“The woman who creates and sustains a home, and under whose hands children grow up to be strong and pure men and women, is a creator second only to God” – Helen Hunt Jackson
“Breasts are a scandal because they shatter the border between motherhood and sexuality.”
― Iris Marion Young
“The mother memories that are closest to my heart are the small gentle ones that I have carried over from the days of my childhood. They are not profound, but they have stayed with me through life, and when I am very old, they will still be near . . . Memories of mother drying my tears, reading aloud, cutting cookies and singing as she did, listening to prayers I said as I knelt with my forehead pressed against her knee, tucking me in bed and turning down the light. They have carried me through the years and given my life such a firm foundation that it does not rock beneath flood or tempest.”
― Margaret Sanger
Happy Mother’s Day to all the mothers
who give their children lasting
“Even if I’m setting myself up for failure, I think it’s worth trying to be a mother who delights in who her children are, in their knock-knock jokes and earnest questions. A mother who spends less time obsessing about what will happen, or what has happened, and more time reveling in what is. A mother who doesn’t fret over failings and slights, who realizes her worries and anxieties are just thoughts, the continuous chattering and judgement of a too busy mind. A mother who doesn’t worry so much about being bad or good but just recognizes that she’s both, and neither.
A mother who does her best, and for whom that is good enough, even if, in the end, her best turns out to be, simply, not bad. ”
― Ayelet Waldman, Bad Mother: A Chronicle of Maternal Crimes, Minor Calamities, and Occasional Moments of Grace
Happy Mother’s Day!
I sincerely believe that ALL mothers should take this to heart when making the choice to become a parent:
“A mother has far greater influence on her children than anyone else, and she must realize that every word she speaks, every act, every response, her attitude, even her appearance and manner of dress affect the lives of her children and the whole family. It is while the child is in the home that he gains from his mother the attitudes, hopes, and beliefs that will determine the kind of life he will live and the contribution he will make to society.”
― N. Eldon Tanner
“Was it the act of giving birth that made you a mother? Did you lose that label when you relinquished your child? If people were measured by their deeds, on the one hand, I had a woman who had chosen to give me up; on the other, I had a woman who’d sat up with me at night when I was sick as a child, who’d cried with me over boyfriends, who’d clapped fiercely at my law school graduation. Which acts made you more of a mother?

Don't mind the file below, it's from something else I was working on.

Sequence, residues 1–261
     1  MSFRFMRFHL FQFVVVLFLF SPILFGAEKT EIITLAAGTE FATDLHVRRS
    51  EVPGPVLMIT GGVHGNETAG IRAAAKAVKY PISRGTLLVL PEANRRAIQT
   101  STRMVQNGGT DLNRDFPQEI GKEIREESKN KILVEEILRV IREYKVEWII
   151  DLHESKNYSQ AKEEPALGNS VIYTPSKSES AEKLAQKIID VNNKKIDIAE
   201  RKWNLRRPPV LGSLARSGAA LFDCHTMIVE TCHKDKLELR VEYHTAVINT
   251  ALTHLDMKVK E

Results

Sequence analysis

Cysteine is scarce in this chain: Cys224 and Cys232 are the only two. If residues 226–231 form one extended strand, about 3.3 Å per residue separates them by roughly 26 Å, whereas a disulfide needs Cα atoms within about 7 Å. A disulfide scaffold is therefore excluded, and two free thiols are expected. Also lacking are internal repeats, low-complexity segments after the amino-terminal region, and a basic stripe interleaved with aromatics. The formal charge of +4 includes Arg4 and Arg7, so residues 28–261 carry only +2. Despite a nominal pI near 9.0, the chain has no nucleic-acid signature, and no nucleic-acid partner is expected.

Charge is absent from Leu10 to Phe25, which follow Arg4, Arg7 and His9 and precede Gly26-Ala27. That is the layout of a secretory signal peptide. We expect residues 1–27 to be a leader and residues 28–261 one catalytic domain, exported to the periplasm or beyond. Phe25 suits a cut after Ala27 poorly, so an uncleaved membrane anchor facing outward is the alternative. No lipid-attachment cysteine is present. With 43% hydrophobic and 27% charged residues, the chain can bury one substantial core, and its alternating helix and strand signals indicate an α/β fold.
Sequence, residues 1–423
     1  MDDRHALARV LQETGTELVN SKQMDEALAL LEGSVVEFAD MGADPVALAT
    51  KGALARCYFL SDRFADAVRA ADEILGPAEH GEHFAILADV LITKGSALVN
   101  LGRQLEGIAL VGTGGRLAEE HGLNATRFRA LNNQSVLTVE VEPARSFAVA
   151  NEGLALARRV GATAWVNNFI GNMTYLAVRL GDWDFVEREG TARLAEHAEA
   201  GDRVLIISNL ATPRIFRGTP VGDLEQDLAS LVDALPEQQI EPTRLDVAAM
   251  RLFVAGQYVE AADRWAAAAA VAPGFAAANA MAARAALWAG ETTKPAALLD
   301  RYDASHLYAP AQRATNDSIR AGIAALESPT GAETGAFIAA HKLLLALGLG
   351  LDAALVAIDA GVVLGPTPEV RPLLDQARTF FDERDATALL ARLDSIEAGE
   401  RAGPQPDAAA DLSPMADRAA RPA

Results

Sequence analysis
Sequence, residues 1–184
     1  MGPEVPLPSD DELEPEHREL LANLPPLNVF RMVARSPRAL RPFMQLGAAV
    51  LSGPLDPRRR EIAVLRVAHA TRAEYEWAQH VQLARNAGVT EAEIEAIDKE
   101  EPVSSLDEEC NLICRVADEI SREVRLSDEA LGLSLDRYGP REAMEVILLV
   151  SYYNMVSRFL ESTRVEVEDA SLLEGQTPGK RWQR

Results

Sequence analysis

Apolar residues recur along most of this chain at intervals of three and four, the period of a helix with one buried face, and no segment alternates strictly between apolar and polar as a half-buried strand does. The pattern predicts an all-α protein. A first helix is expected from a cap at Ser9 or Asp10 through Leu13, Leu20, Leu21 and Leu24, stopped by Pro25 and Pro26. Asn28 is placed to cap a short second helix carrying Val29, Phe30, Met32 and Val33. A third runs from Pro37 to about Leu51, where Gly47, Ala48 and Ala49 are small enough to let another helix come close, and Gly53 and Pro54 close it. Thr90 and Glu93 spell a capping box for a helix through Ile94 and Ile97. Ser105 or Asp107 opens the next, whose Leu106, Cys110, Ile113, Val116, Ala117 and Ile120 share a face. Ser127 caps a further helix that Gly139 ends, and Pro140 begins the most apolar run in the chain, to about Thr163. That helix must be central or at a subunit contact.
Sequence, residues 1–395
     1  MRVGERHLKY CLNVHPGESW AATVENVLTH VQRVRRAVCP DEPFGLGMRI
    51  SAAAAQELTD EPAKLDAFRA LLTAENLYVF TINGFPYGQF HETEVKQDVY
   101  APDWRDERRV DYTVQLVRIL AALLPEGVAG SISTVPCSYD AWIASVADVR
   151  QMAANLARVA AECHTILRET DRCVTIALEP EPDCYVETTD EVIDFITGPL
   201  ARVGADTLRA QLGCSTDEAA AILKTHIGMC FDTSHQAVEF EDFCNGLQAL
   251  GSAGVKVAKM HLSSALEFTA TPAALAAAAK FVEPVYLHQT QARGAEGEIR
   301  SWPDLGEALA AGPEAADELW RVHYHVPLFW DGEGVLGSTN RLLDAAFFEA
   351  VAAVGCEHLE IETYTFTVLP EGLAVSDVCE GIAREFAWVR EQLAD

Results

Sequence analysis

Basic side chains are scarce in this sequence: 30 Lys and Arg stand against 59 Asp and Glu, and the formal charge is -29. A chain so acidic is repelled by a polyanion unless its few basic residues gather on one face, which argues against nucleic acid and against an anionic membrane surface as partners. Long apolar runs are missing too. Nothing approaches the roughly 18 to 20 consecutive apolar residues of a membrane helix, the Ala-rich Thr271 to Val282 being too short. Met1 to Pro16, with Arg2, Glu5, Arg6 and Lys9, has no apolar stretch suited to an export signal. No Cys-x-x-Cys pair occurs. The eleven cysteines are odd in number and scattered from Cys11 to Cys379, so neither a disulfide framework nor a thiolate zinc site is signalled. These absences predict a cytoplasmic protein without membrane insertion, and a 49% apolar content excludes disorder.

Both, I realized. Being a parent wasn’t just about bearing a child. It was about bearing witness to its life.”
― Jodi Picoult, ‘Handle With Care’
“For you created my inmost being;
you knit me together in my mother’s womb.
I praise you because I am fearfully and wonderfully made;
your works are wonderful,
I know that full well.
My frame was not hidden from you
when I was made in the secret place,
when I was woven together in the depths of the earth.
Your eyes saw my unformed body;
all the days ordained for me were written in your book
before one of them came to be.” – Psalm 139 :13-16 (New International Version)
Obviously, I REALLY like this piece 😉
To a family that contradicts the concepts
Heard the rules, but wouldn’t accept
And womenfolk raised me
And I was full-grown before I knew
I came from a broken home Sent to live with my grandma down south
When my uncles was leaving
And my grandfather had just left for heaven
They said and as every-ologist would certainly note
I had no strong male figure, right?
But Lily Scott was absolutely not your mail-order, room-service
Typecast, black grandmother
I was moved in with her
Temporarily, just until things were patched—
Til this was patched and til that was patched–
Until I became at 3, 4, 5, 6, 7, 8, 9, and 10
The patch that held Lily Scott who held me and like them four
I become one more and I loved her from the absolute marrow of my bones
And we was holdin’ on;
I come from a broken home.
She had more than the five senses
She knew more than books could teach
And raised everyone she touched just a little bit higher
And all around her there was a natural sense
As though she sensed what the stars say, what the birds say
What the wind and and the clouds say
A sensual soul and self, that African sense
And she raised me like she raised four of her own
And I was hurt and scared and shocked when Lily Scott left
Suddenly one night
And they sent a limousine from heaven to take her to God,
If there is one,
So I knew she had gone…
And I came from a broken home
Greetings great people! So, I sort of took a week off from posting–honestly because I allowed my busy days to consume my time–but am back to sharing great inspiration. This week I really want to celebrate mothers and motherhood, so enjoy! When I hear Gil Scott Heron say the words laid out below this line, I think of my favorite verse in Proverbs: “Train a child in the way he should go and when he is old he will not part from it…”
“My life has been guided by women and because of them, I am a man”. – Gil Scott Heron, “On Coming From a Broken Home, pt. 2” (video links to On Coming From a Broken Home, parts 1 and 2, below)